DALLAS A team of seismologists at Southern Methodist University are studying the relationship, if any, between earthquakes and oil and gas drilling. This comes after the city of Azle reported more than 20 earthquakes of at least 2.2 magnitude since November.
'We are interested in understanding if the fluid injection points are specifically related to the Azle sequence or the Mineral Wells sequence,' said geophysics professor Heather DeShon. 'It is important to remember we do not understand if, and how injecting fluid into crust reactivates faults.'
Four digital monitors provided by the U.S. Geological Survey will monitor bursts of seismic activity. The results of those monitors will be available online here.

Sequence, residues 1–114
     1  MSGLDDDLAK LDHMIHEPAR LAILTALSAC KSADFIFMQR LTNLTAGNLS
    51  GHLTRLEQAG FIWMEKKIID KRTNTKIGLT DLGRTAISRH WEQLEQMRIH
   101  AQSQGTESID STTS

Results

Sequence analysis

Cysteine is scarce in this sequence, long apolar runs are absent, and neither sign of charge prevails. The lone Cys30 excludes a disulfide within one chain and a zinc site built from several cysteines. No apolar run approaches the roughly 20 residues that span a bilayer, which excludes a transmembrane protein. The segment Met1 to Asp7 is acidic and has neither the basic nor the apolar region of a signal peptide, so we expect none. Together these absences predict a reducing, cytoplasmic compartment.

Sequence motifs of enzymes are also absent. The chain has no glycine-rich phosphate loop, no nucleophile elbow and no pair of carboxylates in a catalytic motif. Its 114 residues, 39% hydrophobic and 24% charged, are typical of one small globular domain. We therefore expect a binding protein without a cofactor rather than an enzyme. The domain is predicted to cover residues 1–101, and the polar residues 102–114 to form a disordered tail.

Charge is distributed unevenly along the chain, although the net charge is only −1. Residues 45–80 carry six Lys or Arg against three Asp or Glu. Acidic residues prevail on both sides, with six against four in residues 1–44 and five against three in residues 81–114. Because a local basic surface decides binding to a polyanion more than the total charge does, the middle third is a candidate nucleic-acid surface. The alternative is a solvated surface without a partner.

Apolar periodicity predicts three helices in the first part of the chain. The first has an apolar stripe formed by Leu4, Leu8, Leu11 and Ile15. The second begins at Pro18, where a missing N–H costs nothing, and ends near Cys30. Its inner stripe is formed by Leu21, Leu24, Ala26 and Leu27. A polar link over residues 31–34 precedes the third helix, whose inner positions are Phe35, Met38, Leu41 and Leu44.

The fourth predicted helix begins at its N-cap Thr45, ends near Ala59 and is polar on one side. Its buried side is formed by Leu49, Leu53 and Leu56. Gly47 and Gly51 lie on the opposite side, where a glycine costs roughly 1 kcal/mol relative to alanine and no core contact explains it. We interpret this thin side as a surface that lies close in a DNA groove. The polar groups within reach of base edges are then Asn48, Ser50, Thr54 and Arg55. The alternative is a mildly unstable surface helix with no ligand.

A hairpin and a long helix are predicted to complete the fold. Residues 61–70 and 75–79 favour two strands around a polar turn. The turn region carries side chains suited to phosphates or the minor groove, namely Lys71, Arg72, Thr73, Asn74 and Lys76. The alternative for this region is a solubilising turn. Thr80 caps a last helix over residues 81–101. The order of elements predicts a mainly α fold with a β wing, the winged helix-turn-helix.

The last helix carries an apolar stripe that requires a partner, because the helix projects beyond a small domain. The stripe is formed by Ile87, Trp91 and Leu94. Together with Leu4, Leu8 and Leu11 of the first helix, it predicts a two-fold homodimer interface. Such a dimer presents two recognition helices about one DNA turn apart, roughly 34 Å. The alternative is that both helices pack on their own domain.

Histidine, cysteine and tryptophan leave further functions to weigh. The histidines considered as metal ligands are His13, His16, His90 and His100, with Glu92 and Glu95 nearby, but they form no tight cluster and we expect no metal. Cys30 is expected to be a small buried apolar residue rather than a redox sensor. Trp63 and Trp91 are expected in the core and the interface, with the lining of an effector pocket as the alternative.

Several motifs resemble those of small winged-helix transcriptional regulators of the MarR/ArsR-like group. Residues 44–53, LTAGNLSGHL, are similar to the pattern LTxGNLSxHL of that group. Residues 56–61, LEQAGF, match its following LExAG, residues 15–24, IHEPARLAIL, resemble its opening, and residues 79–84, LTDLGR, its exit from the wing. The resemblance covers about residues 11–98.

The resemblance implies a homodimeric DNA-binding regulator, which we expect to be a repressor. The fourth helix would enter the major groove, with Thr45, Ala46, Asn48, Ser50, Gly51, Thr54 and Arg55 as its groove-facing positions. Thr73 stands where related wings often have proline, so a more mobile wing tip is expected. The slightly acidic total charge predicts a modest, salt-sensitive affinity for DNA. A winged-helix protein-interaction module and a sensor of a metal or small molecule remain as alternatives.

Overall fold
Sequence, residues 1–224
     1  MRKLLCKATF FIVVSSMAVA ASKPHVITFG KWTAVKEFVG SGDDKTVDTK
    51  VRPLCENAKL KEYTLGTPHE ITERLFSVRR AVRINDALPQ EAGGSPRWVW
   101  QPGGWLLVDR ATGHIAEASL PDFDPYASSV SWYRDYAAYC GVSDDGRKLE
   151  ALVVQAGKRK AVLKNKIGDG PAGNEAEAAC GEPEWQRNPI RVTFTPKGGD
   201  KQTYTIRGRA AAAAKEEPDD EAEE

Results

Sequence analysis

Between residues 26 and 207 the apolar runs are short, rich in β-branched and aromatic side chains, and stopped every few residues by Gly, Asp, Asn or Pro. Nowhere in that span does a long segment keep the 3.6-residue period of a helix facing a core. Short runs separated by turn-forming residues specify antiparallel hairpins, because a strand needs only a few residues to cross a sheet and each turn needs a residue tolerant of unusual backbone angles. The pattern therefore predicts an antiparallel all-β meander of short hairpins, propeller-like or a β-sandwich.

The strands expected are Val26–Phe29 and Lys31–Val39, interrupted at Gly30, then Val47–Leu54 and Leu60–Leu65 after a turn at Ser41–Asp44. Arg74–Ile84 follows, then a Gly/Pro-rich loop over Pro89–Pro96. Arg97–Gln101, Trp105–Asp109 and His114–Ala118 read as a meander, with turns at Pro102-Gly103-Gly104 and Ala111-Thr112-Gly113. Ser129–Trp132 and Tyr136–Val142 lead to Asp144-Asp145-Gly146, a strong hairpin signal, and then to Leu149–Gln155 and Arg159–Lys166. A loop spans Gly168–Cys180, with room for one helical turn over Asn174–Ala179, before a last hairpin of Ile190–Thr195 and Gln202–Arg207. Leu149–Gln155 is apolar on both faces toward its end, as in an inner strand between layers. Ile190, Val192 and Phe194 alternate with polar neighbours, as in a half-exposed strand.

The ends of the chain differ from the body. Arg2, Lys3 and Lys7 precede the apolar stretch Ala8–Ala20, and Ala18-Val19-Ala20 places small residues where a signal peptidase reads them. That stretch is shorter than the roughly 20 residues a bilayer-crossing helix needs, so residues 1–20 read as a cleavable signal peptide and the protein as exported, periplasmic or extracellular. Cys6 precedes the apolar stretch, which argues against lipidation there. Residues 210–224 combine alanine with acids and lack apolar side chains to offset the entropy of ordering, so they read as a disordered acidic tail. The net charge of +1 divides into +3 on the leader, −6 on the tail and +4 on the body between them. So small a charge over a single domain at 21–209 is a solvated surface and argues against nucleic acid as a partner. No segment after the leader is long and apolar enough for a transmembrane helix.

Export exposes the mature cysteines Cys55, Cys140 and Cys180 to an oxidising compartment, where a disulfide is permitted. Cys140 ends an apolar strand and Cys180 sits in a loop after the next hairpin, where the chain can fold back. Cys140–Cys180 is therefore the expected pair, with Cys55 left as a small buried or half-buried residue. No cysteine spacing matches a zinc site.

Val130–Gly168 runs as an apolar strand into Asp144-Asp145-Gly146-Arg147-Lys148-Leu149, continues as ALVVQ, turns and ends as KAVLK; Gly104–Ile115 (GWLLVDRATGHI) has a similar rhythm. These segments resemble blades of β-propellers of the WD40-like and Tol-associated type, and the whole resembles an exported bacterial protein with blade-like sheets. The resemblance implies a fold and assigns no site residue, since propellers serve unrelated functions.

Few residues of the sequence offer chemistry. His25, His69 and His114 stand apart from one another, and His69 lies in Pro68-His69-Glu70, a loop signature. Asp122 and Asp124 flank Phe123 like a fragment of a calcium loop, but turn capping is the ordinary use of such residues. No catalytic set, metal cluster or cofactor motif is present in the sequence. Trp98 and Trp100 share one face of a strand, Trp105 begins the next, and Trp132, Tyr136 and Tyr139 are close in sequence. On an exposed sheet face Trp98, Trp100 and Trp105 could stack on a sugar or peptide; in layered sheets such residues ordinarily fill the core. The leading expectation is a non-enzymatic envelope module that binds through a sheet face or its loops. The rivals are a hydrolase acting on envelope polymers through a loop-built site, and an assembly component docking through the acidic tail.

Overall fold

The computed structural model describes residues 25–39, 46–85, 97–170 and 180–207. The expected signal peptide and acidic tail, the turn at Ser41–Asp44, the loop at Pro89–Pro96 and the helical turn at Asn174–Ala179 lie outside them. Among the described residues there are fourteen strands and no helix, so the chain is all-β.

The study began in December. The seismologists hope the monitors will detect earthquakes that are too small for the USGS to pick up.
'It's not enough for us to say, there is a well and there is earthquakes, they are related,' said DeShon.
The goal is this research is to pinpoint the quakes epicenter and get a better reading of the size and movement of the seismic activity.
'Until we have a predictive model about how a well is related to a fault, we will not be able to definitely say what the cause of these earthquakes or other earthquakes are,' Deshon said.